Sasparella is the common name for smilax regelii, which has been used medicinally to treat everything from chronic pain to toe fungus. It has likely been used for thousands of years by indigenous tribes of South America but was first introduced to Europe near the end of the Dark Ages. Today, it is still a popular supplement ingredient and medicinal treatment for a wide variety of internal and external health conditions.
Description of the Plant
This prickly vine is native to Mexico, the Caribbean and Central and South America. It climbs well and can grow to be over 50 yards long. The berries of sasparella come in lustrous black, purple-blue and a red so rosy it could almost be called fuchsia. This beautiful fruit is popular among wild birds as well as humans. Certain varieties of sasparella can also be found in India and China. The common name is derived from the Spanish zarzaparilla which means “little grape vine shrub”, a relatively accurate description of the outward appearance of the plant. Sasparella is a member of the lily family and includes over 300 unique species.
A sarsaparilla root typically measures between six and feet in length. It's tuberous in shape and has no particular smell or taste. It has been used medicinally for hundreds of years by the people native to Central and South America who found it relieved rheumatism, general physical weakness, sexual impotence, headaches, colds, joint pain and skin problems.
Sarsaparilla root is globally recognized for medicinal properties. Since it was first introduced to the Western world, sarsaparilla has been used to treat gout, gonorrhea, open wounds, arthritis, cough, fever, hypertension, pain, a lack of sexual desire, indigestion, and even certain forms of cancer. More serious conditions have also been treated with sarsaparilla root. In the Amazon, some tribes used it as a treatment for leprosy by ingesting it as well as using it externally.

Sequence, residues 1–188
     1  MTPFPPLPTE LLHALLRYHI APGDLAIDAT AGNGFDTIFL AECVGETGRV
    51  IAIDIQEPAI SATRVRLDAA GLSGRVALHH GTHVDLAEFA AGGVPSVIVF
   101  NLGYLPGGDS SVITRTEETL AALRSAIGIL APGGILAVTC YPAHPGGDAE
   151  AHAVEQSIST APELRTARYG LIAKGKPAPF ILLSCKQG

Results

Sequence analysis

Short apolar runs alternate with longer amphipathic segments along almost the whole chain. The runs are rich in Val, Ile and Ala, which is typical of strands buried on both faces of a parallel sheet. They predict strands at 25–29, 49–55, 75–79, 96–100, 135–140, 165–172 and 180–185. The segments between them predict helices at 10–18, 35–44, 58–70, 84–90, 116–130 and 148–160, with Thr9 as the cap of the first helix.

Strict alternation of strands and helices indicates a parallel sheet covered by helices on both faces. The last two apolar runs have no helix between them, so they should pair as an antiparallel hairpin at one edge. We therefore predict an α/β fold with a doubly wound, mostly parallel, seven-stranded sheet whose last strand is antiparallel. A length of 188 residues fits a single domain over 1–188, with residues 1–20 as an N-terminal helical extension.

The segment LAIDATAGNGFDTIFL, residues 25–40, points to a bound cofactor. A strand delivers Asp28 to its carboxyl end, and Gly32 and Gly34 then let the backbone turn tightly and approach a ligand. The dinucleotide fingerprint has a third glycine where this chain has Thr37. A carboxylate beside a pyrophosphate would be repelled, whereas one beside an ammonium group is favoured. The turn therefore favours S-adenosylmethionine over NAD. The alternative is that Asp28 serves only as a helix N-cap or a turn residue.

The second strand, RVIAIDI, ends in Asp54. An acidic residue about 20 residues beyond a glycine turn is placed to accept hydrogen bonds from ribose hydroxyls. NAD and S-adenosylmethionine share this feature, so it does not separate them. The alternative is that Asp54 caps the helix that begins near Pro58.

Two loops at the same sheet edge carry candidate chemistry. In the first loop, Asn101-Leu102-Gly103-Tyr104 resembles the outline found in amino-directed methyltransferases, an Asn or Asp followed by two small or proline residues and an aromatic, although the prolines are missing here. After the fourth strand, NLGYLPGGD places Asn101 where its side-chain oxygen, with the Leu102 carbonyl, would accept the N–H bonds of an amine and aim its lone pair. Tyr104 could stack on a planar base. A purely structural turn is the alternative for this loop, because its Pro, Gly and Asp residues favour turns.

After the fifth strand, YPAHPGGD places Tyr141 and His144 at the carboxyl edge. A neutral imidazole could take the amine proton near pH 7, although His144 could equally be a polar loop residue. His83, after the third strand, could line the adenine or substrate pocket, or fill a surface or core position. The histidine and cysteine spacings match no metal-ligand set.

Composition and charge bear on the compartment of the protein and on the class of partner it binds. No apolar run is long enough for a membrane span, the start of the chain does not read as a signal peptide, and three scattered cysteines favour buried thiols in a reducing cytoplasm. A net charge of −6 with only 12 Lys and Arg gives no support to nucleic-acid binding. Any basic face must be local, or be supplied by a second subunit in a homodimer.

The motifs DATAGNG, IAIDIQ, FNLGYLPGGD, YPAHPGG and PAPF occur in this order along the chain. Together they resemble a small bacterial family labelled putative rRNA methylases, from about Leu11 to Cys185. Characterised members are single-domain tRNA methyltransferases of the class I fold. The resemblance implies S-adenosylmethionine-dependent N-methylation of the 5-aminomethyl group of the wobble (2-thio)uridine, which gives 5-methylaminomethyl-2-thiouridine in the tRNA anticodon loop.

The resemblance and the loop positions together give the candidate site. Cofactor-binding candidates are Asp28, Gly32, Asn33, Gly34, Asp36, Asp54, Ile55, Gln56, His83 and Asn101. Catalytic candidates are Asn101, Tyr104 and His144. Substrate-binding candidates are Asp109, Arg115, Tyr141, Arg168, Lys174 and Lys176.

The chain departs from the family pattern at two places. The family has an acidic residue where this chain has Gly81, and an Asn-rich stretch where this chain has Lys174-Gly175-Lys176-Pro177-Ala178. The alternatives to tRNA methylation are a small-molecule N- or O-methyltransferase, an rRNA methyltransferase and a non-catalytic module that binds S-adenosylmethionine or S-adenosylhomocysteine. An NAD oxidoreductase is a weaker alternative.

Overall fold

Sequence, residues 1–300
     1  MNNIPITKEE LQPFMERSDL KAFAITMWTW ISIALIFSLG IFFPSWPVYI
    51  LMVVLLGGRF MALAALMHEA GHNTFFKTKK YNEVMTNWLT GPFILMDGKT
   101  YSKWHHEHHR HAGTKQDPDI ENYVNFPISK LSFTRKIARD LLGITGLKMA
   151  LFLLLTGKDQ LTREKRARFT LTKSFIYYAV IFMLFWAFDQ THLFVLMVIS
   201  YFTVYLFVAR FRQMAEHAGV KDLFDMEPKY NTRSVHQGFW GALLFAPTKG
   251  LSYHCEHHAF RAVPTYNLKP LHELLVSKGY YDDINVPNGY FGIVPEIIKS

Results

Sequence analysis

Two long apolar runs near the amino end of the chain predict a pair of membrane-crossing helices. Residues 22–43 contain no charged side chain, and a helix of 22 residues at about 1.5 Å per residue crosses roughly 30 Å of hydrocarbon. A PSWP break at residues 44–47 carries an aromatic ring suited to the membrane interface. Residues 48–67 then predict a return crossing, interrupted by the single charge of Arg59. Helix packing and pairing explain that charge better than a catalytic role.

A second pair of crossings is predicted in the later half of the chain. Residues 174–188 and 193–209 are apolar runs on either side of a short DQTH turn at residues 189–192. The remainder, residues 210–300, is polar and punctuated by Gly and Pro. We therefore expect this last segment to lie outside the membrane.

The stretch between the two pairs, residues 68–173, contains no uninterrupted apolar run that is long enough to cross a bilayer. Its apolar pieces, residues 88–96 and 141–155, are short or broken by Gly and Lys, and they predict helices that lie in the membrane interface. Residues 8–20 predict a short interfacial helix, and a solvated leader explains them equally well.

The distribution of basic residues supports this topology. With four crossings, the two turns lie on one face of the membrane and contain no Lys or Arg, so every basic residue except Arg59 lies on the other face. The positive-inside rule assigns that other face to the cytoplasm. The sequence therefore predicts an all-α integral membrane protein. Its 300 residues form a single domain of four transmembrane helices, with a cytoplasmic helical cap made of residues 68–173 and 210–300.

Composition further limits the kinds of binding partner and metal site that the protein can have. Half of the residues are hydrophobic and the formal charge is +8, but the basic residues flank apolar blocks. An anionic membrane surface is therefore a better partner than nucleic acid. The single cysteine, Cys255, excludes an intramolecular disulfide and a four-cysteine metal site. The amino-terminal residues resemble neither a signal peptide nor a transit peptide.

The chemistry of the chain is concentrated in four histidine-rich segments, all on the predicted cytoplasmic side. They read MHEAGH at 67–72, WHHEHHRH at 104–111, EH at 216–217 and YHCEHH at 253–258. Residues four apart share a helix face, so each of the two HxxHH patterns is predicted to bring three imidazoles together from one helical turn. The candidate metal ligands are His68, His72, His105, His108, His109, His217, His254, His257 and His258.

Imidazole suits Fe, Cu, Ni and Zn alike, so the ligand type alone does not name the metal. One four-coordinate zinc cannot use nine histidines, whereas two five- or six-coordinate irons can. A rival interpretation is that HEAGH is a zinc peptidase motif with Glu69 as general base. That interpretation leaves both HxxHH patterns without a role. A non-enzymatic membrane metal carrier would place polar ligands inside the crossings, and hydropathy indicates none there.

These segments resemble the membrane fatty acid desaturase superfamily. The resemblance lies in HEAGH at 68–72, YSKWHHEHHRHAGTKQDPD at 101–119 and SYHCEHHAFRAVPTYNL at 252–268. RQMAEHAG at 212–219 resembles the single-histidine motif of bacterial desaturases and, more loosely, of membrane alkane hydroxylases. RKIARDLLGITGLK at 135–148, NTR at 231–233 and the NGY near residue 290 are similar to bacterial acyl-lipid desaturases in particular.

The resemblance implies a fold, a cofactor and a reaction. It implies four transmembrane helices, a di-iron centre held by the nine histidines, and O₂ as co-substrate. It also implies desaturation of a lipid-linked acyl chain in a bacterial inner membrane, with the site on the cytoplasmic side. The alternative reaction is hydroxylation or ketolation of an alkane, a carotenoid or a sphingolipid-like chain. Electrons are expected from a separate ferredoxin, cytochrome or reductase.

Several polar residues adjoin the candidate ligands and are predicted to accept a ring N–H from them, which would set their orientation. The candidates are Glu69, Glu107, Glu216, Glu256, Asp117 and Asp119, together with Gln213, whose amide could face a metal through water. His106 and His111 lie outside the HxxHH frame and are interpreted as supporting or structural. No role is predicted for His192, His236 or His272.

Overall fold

Sarsaparilla first came to Europe in the 1400s as a medicine discovered in South America and brought back via boat. Europeans used the root to encourage sweating and urination as well as to purify blood, a common practice during the Dark Ages. During the 1800s, sarsaparilla was on the books in both Europe and the young United States for its blood purifying properties and recommended as a treatment for the sexually transmitted condition syphilis.
Sarsaparilla is also consumed for pleasure in drink and pickled form. Stores in some parts of Oceania stock a popular drink named simply Sarsaparilla that uses the plant to increase foaminess. In the past, it was also popular in the United States as part of a drink made with sassafras. In India, too, sarsaparilla is eaten for more than medicinal purposes. As well as soft drinks, southern Indians enjoy pickled sarsaparilla with curd rice.
Today, sarsaparilla roots is available most readily in health food stores. The capsules, tinctures and supplements of sarsaparilla usually include other herbs for a specific result. It is a common ingredient in hormone balancing, skin care and sex drive increasing natural products. These modern sarsaparilla products are primarily produced from plants grown in Latin America and China.
The studies that have been done on sarsaparilla as a medicinal herb suggest that the benefits come from antioxidant properties and plant steroids beneficial to human health. Sarsaparilla also contains flavonoids, a pigmentation chemical that gives many plants their leaf, stem, flower and even root color. In the past decade, flavonoids have garnered more widespread recognition for their use in treating autoimmune conditions and inflammation.
One of the most fascinating ingredients in sarsaparilla root are saponins, a chemical compound. Saponins, usually bitter to the taste, are named after soap because of the foam-like reaction they have when placed in water. In the plants where they originate, saponin chemical compounds help deter fungi and insects from eating their leaves. This could be one of the possible reasons that sarsaparilla has anti-fungal properties.
The best way to prepare raw or dried sarsaparilla root is to boil it into an infusion and take a cup of it several times a day. With capsules and supplements, read the instructions on the bottle. Usually, it takes less than half a teaspoon of ground root powder to have the desired effect. In the case of tincture, half a teaspoon twice daily is a recommended dose.
There are no known or widely experience side effects for consuming sarsaparilla root. In high doses, ingesting the root can cause a stomach ache but nothing more serious has been documented.